Cardinals' Carpenter 'just wanted to apologize' for bad 2019

St. Louis Cardinals' Matt Carpenter, center, is congratulated by teammates after hitting a three-run home run during the third inning of a baseball game against the Chicago Cubs Sunday, Sept. 29, 2019, in St. Louis. (AP Photo/Scott Kane)

ST. LOUIS (AP) — This was not what Matt Carpenter or the St. Louis Cardinals envisioned when he signed a new contract.

Because when the three-time All-Star third baseman wasn't hurt last season, he wasn't hitting.

"I certainly was candid with our front office and our coaching staff at the end of the year," Carpenter said Monday. "I just wanted to apologize. I felt like I'd let them down. I was really hard on myself the way that I played. I was hopeful that they still had faith in me. We had some real good conversations."

Coming off a career-high 36 home runs in 2018 that made him an MVP candidate, Carpenter signed a $39 million, two-year deal on April 19 that included a no-trade clause.

But he wasn't able to reverse a slow start. He was hitting .216 with 10 home runs when he was put on the injured list with a lower back strain July 2. Carpenter was activated on July 11, placed back on the IL after fouling a ball off his foot and was out until early August.

Carpenter finished hitting just .226 with 15 home runs.

Team owner Bill DeWitt Jr. is optimistic about Carpenter returning to form.

"I think and know he wants to bounce back. He's always been a really hard worker," DeWitt said at the Cardinals Winter Warm-Up fan gathering. "I know he wants to get back to where he was the year before, which was pretty elite."

"It's just one of those situations where he had a down year and never kind of got untracked. He did play better at the end. He was disappointed with his season and he's highly motivated to get back to being Matt Carpenter that he has been throughout his career," he said.

First baseman Paul Goldschmidt agreed.

"I expect a huge year out of him like I always do," Goldschmidt said. "There obviously were some ups and downs for him and really for our whole team, especially our offense. I think we're all learning from it whether it's myself or Carp or the team as a whole."

Slow starts have been common for Carpenter, who turned 34 in November.

"I put a lot of pressure on myself to perform," Carpenter said. "I take a lot of pride into doing the things that help you have a good year. I felt like I did everything I needed to do to put myself in a position to be successful and it just didn't work out."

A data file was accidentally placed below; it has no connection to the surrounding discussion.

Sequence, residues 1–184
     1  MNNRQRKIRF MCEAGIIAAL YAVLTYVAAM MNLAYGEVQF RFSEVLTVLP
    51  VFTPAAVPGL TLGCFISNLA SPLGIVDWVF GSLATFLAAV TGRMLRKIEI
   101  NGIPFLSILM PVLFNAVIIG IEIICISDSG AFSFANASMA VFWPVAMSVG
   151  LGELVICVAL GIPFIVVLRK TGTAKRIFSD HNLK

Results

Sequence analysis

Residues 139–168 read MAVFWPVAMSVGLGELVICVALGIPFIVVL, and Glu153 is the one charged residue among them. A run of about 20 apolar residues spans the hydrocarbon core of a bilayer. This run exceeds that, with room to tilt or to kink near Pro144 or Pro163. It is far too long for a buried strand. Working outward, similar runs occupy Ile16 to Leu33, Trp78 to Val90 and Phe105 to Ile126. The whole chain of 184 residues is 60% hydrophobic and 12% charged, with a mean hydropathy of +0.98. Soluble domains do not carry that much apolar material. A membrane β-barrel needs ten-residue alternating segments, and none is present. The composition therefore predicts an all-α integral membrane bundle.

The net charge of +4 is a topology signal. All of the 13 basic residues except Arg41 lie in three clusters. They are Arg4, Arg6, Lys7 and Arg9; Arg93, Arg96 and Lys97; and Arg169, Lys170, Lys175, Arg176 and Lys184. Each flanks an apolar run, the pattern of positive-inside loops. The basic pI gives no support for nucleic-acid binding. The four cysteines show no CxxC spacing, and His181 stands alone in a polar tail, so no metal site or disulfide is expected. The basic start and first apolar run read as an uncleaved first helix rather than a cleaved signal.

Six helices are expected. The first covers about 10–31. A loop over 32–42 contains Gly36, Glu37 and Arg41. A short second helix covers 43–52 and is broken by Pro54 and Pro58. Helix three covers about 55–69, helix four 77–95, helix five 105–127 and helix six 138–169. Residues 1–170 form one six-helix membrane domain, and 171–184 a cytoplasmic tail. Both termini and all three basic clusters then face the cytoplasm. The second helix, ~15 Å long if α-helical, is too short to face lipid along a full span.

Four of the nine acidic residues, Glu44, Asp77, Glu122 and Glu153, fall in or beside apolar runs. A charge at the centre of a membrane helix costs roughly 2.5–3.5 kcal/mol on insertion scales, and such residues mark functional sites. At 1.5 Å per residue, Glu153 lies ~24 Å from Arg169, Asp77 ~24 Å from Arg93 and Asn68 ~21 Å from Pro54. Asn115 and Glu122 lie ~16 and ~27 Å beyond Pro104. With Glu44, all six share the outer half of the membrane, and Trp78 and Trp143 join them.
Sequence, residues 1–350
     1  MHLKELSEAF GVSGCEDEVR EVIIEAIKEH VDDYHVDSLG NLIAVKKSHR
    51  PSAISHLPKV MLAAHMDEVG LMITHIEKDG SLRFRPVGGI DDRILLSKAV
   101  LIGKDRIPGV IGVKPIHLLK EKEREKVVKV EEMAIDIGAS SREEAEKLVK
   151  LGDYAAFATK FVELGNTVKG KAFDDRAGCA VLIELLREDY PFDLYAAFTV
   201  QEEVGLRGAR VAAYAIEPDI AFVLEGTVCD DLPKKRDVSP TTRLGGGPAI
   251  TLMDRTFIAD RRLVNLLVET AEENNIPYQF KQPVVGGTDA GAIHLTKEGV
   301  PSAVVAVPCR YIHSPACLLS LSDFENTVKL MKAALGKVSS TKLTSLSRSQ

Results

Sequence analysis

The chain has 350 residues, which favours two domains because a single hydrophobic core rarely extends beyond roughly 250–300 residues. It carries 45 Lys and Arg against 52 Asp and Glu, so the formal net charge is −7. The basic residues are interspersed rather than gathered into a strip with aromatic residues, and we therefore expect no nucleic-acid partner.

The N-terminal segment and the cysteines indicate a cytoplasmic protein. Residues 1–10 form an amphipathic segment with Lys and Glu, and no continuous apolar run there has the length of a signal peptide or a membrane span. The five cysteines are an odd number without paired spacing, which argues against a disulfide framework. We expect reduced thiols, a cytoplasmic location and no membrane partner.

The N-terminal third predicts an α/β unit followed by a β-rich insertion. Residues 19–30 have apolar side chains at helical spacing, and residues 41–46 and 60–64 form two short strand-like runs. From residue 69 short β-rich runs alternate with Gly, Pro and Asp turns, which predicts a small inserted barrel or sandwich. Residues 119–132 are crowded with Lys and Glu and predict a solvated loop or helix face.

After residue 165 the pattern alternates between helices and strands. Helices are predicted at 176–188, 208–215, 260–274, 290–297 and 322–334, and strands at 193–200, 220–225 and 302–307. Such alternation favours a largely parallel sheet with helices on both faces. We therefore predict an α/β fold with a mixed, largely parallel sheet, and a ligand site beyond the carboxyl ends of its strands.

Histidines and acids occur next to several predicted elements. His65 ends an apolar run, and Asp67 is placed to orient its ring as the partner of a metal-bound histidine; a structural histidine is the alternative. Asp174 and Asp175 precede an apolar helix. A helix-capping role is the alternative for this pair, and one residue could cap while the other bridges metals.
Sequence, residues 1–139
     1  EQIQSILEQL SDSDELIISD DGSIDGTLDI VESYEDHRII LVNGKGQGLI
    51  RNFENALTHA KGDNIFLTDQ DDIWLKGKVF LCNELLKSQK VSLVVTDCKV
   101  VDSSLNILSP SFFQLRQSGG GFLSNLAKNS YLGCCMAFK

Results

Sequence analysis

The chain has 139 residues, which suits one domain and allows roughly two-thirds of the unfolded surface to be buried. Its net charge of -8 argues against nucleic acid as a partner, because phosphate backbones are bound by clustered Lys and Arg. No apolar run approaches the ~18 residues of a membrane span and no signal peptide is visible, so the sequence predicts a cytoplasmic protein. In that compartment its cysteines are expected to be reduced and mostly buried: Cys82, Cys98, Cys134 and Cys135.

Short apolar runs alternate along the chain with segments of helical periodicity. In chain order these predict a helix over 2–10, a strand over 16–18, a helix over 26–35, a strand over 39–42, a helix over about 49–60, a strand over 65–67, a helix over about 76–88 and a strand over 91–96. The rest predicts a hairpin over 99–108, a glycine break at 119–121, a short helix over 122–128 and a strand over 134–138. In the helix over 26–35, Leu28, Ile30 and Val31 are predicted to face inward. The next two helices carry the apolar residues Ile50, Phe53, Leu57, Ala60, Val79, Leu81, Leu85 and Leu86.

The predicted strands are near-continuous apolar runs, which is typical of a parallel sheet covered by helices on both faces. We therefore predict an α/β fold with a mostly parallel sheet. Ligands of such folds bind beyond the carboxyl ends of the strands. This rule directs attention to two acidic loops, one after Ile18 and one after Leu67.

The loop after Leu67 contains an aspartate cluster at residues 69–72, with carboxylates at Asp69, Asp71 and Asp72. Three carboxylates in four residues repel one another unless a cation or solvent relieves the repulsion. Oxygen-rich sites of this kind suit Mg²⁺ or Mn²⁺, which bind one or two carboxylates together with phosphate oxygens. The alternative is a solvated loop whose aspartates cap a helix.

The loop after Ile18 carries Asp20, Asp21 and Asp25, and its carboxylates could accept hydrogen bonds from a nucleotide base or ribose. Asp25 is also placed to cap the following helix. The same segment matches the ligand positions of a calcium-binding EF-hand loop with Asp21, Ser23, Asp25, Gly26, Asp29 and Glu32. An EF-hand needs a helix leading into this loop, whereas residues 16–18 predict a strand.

" I got off to an ugly start. It just snowballed. I felt like at times I was trying to save a season with one swing. It just wasn't a good recipe for success and I got myself in a hole," he said.

The Cardinals have indicated Carpenter will be their starting third baseman for 2020.

Manager Mike Shildt believes Carpenter will be help the NL Central champions be better at the plate.

"The good news is that Matt's capable of hitting anywhere (in the lineup). I really, firmly believe that," Shildt said. "And I also really, firmly believe he's ready to be in a great spot to compete and help us this year and be a more complete hitter."

Pitcher Adam Wainwright said he thinks last year might end up helping Carpenter in the long run.

"I think he probably will tell you that he needed to do a lot of things different with his swing and his approach," Wainwright said. "I think he's worked really hard on that in the offseason this year."

Carpenter expects to go into camp competing for a spot.

"Just like everybody does, you have to come into spring training and try and earn a job," Carpenter said. "It's not a guarantee. That's my mindset. I want to come in and find a way back on the field more consistently. You got to perform to do that. Nothing is given to you. I'm ready for that challenge."

"Sometimes it's good to just have years like that," he said. "I really look at last season for me as more of a good thing than a bad thing. Was I happy I performed like I did? Of course not. But now having gone through it, I'm glad it happened. I've got a lot of personal motivation."

NOTES: DeWitt confirmed the Cardinals' payroll for 2020 will remain about $170 million and said that was "pushing the envelope." ... C Yadier Molina is in the last year his three-year $60 million contract that he said in 2018 would be his last one. Molina has played in 2,081 total games for the Cardinals and won nine Gold Gloves. He said Monday he would be open to returning to the Cardinals. "If they want me, they are the only team I want to play for," Molina said. "If they do want to move apart, that's it for me. I would love to play with the Cardinals." He said there is no timing for any contract talks. "Probably two more years, would be great."

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